A password will be e-mailed to you.

There is a trend in modern theater, particularly dark comedies, where playwrights overuse nudity as a means for shock. I’ve seen several plays in DC without strong endings, so the main character strips while the action transitions from the realistic toward the ethereal. It’s a lazy trick, and it’s what I thought of when I found out The Studio’s newest production is called Cock. Thankfully English playwright Mike Bartlett subverts this trend: his title might be racy, but his characters do not shed their clothes (exactly). In fact, the minimalist drama strips away typical stage movement to the point where there the audience fills the missing gaps. There is no choice but to listen to the sharp dialogue, which veers from wit to heartbreak, sometimes in the same moment.

There are no props on the stage, which is covered in dirt. After harsh fluorescent lights flicker on, two men enter from opposite sides. They are John (Ben Cole) and M (Scott Parkinson), lovers who reach the sort of impasse that can only happen after years of cohabitation. John feels like M stifles him, while M maintains they’re like brothers (the sibling simile is strange to John since brothers typically do not fuck). They decide to break up – director David Muse signals a change in time with a siren, which grows infrequent as Cock continues – and later John returns to M with a peculiar problem: John has met a woman he likes, and he’s worried about what this means for his identity.

M is understandably flabbergasted – he’s the sort of sensitive guy who hides his feelings with sarcasm – and indecision plagues John. Then there is a scene where John meets W (Liesel Allen Yeager), and they playfully negotiate how John will give women a try. Because John reintroduces M into his life, John finds himself in a situation where he must choose between him and her. M decides to resolve the conflict by inviting him to dinner, and it’s even more awkward than you would expect (there’s a twist involving a fourth character, but it’s not worth ruining the surprise).

cock-402-print

The characters rarely touch each other, so Bartlett’s dialogue is a guide for what they’re doing. The cumulative effect is kind of like phone sex: a character says something link, “Take your clothes off,” and then we’re meant to imagine his or her naked body. The same goes for relatively mundane movements. During the dinner scene, M announces when he brings out the main course or wine since there are no props available. The reason for this conceit is twofold: Muse and Bartlett force extra attention on the performances, and eschewing action is a way to eliminate the veneer of decorum that governs each scene. At one point W shouts, “You’re down in the dirt with the rest of us,” and her line has literal meaning thanks to the soil that fills the stage. The actors and characters have no chance to busy themselves with a distraction. They’re in each other’s faces, which makes the play all the more intense.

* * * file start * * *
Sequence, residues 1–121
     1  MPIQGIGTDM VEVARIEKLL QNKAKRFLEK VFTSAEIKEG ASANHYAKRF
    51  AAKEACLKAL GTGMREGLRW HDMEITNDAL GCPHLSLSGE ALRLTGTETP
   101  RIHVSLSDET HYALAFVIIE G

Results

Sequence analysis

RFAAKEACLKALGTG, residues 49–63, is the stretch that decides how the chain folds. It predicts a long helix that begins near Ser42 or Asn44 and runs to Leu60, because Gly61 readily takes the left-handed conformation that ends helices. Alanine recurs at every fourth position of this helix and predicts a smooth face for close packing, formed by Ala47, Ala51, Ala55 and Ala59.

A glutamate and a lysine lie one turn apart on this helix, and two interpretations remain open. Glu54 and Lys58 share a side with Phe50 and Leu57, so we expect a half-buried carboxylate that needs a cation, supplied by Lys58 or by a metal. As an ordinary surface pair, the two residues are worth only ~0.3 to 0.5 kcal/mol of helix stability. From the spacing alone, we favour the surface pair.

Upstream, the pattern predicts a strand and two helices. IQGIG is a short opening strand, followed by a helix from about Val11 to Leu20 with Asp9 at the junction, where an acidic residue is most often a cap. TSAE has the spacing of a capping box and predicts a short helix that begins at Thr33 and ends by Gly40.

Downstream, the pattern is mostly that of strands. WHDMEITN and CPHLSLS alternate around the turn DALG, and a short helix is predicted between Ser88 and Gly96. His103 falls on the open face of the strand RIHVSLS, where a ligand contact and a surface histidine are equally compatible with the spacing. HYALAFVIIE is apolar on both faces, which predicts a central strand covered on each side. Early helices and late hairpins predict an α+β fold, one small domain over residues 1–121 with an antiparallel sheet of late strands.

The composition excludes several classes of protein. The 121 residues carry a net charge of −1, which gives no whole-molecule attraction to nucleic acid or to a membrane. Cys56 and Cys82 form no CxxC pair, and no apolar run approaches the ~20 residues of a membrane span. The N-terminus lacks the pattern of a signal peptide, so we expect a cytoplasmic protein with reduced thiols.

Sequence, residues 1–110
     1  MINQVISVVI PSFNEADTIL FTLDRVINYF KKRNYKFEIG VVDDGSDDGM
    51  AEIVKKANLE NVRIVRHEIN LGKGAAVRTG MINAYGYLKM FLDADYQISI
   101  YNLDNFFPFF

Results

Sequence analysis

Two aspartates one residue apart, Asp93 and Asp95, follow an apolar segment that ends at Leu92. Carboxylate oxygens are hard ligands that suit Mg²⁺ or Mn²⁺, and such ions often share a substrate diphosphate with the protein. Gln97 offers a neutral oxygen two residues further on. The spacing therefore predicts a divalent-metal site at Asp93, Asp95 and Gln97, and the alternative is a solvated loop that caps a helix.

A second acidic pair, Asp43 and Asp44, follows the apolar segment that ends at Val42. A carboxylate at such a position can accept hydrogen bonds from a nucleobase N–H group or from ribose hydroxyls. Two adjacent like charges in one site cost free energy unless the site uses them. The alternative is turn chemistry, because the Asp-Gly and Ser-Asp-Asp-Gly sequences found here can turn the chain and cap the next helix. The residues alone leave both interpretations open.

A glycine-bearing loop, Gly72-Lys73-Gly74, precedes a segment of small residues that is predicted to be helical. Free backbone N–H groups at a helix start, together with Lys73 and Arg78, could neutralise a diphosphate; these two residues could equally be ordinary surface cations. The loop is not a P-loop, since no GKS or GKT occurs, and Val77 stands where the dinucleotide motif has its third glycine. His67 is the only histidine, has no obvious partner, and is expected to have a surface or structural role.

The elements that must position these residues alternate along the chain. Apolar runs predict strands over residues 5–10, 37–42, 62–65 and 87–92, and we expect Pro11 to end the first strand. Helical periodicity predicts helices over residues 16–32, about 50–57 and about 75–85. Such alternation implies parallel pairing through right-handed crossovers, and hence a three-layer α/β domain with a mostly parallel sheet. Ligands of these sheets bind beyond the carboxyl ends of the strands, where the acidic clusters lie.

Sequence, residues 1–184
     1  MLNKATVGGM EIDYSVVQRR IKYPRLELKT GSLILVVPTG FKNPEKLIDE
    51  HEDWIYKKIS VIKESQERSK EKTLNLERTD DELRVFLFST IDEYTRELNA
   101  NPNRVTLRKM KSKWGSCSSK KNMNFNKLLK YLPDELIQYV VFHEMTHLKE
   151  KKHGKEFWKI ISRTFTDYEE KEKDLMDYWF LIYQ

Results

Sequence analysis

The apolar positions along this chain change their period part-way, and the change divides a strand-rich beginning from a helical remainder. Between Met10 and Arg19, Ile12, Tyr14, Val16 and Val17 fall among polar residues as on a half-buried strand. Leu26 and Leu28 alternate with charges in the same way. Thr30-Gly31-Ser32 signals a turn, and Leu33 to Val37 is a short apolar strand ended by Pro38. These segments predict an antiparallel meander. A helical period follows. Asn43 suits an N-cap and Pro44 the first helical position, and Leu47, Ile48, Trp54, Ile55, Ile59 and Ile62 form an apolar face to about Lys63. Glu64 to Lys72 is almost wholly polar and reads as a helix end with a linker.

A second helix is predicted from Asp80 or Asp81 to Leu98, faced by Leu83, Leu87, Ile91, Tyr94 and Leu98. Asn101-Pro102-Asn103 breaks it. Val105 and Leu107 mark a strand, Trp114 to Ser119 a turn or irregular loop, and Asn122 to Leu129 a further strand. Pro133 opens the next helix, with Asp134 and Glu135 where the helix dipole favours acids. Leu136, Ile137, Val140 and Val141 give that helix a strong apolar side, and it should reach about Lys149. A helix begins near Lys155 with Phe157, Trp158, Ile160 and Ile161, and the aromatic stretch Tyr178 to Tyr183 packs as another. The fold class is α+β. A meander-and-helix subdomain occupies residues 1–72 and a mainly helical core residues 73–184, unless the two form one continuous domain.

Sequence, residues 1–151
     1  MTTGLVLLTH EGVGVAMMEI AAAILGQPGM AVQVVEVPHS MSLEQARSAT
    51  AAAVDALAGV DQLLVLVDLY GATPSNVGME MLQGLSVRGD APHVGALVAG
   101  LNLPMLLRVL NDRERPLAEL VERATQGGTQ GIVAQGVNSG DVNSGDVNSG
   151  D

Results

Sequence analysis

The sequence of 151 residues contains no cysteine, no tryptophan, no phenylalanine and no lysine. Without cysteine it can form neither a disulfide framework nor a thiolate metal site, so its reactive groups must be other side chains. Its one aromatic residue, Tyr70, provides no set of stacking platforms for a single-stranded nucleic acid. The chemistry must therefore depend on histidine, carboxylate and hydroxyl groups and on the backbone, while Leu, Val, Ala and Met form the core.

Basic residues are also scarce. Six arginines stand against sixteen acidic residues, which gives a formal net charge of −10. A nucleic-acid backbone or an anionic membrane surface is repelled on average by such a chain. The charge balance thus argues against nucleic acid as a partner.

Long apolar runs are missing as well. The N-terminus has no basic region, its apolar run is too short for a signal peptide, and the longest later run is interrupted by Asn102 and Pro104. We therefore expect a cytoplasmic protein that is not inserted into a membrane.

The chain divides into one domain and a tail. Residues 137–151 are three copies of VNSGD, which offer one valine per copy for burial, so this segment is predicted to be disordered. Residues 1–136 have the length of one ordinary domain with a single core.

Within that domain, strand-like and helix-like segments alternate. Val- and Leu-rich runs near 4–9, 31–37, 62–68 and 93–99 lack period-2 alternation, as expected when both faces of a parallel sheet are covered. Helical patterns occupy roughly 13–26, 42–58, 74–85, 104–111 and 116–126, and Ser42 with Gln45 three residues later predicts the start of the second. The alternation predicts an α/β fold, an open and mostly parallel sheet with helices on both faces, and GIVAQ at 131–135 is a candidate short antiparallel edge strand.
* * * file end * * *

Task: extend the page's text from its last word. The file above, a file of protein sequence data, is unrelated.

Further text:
The characters are familiar archetypes, except the actors subvert expectations with extra depths of emotion and intelligence. Parkinson, who was last at the Studio for An Iliad, gets most of the laughs with a character who’d rather have the last word than be happy. M’s wit is his defense mechanism, and his pointed language is a welcome alternative to John, who languishes in sexual limbo. Cole looks like a bit like Richard E. Grant, and there’s a whiff of Withnail to John, who acts more aloof and spaced than he probably is.

There is a key scene late in Cock where John finally is ready to say what he’s feeling, and it reveals the complexity of his relationship to M and W, respectively. On one level, a life with a woman would be easier for John. But John’s life with M is a routine, and M is happy to preserve a role for John that’s more comfortable than challenging. Differences in education/class/age are important, too: Bartlett’s dialogue hints that W is a better fit for John because they’re on the same level, roughly, while M struggles to show how his more affluent life is the better fit (the play implies that John started as M’s young trophy boyfriend). Even if it didn’t happen, there’s a sense that Muse had his actors workshop their characters for weeks or months. They’re not affected, and feel authentic even if there is no chance for realistic movement.

There’s a monologue late in Cock that is all about the struggle between nature and nurture, and how it applies to John’s predicament. John’s conclusion sounds silly at first – he argues that what matters is what you like, not who you are – but the difference is also a canny way to reconcile identity and preferences. W has reason to be optimistic with John’s realization, only the follow-through is significantly more difficult (W is probably the most open-minded character in Cock, and Yeager’s performances strikes a perfect balance between vulnerability and a strain of self-worth). By the end of Cock, M puts W and John in a situation that must have an outcome. What he does not count on is that no matter what, no one will be happy with it.

Cock is at the Studio Theater until June 22nd. Buy tickets here!

X
X